Stalking prey gives you a line of sight clear enough to get a clean shot. Once you spot a raccoon in the darkness, you can spotlight on it to get a predictable movement. Shining light on treed raccoons can also scare and bring them down to your trap or kill zone.

Hunting Coons with Dogs

You must train your coondog well before you take it out on a hunt. The reason is to prevent your dogs from getting carried away and chasing coons deep into the forest against your command. When dogs get excited with the chase, they can run endlessly and get lost in the woods.

To have a successful hunt with your dogs, they must perform well under pressure. You must train your dogs to find the trail and maintain the chase of coons. Your dogs should also be able to hold bay long enough for you to get the kill shot.

Not all dogs can track and chase raccoons. Some scent hounds are better than others. It is why hunters troll each other’s hunting dogs. Each dog behaves differently when they find the trail of a raccoon. You should learn your dog’s signals and behaviors when this happens.

When your dog has treed a coon, out of instincts, they will growl or howl. Often the coon will not leave the tree unless it feels threatened. You can try to aggravate it by shaking the branch it is on or shining it with a bright light before aiming to shoot it.

Types of Coon Hounds for Coon Hunting

1. Black and Tan Coonhound

They are the most popular scent hounds for hunting coons and other game. It is perfect for hunting because of its stamina and high sense of smell. Nose to the grounds, it trails coons relentlessly and barks when a raccoon is treed.

It has a distinctive black and tan color with a cold nose that can pick up old trails. It is also an excellent running and jogging companion.

2. Redbone Coonhound

It weighs around 50-70 pounds and has a body composition that makes it agile. It is a breed of a dog that has speed and power when following a trail. It has thick pads on the bottom of its feet that make it ideal for tracking and chasing prey in hostile territories avoiding injuries.

It is slender, muscular, and courageous to follow prey into the woods. They are versatile and can adapt to tracking prey in any terrain, climate, and environment. Redbones hunt in packs and can take down large prey as well. They have a lifespan of 11-12 years.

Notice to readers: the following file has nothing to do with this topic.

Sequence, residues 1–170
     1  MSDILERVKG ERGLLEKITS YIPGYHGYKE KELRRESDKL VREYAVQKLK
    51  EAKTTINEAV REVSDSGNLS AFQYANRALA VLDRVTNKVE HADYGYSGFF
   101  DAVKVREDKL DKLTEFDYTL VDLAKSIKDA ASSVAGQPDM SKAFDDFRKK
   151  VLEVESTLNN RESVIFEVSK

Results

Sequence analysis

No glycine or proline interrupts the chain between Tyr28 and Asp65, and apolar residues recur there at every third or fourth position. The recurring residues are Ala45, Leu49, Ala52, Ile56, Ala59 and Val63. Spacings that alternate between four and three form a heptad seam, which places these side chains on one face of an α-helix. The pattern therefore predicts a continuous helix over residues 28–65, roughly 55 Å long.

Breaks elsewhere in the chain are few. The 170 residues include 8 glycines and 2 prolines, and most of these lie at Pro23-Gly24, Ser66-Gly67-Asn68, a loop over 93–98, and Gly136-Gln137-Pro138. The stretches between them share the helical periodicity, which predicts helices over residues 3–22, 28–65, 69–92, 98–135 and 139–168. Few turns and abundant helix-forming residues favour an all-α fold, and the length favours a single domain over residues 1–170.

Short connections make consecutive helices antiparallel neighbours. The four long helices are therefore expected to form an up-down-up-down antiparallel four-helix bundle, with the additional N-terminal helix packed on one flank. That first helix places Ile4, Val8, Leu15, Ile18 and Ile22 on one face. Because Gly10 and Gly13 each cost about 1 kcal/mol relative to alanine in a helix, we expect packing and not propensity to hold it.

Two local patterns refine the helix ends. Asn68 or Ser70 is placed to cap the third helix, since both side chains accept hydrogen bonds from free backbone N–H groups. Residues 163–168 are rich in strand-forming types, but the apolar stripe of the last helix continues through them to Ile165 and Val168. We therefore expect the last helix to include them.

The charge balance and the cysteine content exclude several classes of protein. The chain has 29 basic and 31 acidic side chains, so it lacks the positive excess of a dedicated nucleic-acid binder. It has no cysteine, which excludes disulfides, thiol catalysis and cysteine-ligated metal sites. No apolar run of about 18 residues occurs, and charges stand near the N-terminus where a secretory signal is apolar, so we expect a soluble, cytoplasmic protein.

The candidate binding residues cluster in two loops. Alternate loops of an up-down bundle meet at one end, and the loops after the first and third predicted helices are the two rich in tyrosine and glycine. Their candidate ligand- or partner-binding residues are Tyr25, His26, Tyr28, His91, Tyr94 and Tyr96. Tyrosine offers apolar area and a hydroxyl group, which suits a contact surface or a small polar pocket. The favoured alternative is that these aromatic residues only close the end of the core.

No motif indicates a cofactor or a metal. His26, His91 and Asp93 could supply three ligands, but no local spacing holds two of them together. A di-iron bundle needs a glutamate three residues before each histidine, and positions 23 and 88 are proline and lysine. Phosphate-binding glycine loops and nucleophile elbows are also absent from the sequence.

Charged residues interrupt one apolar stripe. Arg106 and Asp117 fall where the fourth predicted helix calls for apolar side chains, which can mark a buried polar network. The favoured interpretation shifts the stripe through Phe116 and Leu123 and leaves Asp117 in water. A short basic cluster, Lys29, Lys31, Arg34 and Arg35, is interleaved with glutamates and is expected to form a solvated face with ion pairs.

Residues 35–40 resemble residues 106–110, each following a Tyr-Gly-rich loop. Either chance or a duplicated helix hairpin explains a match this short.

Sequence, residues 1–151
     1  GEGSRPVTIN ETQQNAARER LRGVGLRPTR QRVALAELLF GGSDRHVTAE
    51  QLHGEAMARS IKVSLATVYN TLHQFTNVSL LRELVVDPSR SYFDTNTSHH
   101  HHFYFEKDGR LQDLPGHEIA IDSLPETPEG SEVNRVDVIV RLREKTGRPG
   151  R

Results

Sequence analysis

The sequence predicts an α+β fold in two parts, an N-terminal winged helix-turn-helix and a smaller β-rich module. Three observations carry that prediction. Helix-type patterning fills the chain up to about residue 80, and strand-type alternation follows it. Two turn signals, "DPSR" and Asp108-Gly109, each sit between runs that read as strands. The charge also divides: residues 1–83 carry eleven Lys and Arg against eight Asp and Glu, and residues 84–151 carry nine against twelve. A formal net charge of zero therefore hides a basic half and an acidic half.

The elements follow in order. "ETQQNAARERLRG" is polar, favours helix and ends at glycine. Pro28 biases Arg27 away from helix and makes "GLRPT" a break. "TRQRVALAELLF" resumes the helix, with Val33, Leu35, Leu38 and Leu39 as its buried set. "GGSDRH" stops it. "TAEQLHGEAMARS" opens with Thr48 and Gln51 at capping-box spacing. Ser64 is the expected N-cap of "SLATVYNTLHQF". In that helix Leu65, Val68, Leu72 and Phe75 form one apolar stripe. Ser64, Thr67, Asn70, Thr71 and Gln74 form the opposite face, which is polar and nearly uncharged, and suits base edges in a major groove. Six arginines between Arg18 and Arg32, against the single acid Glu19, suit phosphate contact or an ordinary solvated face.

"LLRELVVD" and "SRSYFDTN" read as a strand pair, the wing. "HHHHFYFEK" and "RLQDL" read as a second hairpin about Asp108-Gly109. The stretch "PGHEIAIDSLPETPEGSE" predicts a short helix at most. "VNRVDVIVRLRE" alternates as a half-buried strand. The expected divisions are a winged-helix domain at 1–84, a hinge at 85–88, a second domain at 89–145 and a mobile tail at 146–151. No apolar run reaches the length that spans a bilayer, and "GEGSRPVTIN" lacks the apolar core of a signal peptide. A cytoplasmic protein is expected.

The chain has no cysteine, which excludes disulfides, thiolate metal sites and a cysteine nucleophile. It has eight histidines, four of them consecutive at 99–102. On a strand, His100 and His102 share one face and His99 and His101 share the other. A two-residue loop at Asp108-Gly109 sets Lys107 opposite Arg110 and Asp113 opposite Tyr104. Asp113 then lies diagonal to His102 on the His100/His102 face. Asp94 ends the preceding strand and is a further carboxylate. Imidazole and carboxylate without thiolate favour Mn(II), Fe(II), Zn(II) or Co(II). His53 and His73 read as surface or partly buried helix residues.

3. English or American Coonhound

It is famous for its endurance, speed, and stamina to thrive in extreme conditions. The body weight is proportionate to its weight. The males are slightly longer and measure between 24-26 inches while the females measure 23- 25 inches long.

It has a high sense of smell and can track well at night compared to other hounds. It is a dual-purpose dog that hunts foxes by day and coons by night. It has a distinctive howl and growl when it quarries its prey.

4. Bluetick Hound

It is a purebred hunter with a sleek and slender body perfect for trailing and hunting game. It has a length of 21-27 inches and can weigh between 45-85 pounds. They are quick on the trail and have high energy, which is useful when tracking target animals.

It is a versatile dog and can adapt to many hunting terrains and climates. Bluetick hounds have excellent noses that can pick up old and cold trails. It is a breed that is good for both children and adults.


Raccoons are scavengers that can thrive both in rural and urban areas. Their population is explosive, and open season hunting is a way to control this. Raccoon hunting is a fun sport and beginners can practice shooting at smaller targets before moving to larger game like hogs.

Amazon and the Amazon logo are trademarks of, Inc, or its affiliates.

Scroll to Top